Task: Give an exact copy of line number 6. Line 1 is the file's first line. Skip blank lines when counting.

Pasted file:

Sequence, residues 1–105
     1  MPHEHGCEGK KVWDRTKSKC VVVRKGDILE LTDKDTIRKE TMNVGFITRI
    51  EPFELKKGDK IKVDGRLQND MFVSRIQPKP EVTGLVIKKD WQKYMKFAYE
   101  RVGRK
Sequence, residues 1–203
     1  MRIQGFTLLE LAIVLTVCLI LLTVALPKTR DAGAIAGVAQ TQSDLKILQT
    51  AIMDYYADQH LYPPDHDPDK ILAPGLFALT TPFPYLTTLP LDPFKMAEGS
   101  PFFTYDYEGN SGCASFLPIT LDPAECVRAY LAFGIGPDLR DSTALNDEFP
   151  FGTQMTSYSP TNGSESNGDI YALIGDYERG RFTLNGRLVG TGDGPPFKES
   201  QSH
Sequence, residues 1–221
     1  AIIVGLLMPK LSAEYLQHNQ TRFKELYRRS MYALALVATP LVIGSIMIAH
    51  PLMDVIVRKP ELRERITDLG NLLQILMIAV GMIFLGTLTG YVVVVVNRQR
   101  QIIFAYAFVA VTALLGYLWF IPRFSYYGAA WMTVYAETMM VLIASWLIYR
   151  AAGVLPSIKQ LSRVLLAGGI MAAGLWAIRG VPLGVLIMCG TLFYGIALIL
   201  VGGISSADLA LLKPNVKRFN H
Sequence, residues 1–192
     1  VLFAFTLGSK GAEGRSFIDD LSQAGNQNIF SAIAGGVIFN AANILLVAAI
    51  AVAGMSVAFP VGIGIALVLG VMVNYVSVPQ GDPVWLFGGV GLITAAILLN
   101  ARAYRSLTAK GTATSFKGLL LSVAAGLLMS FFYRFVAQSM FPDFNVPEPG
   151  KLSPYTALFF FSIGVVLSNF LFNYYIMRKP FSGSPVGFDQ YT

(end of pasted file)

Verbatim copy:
     1  MRIQGFTLLE LAIVLTVCLI LLTVALPKTR DAGAIAGVAQ TQSDLKILQT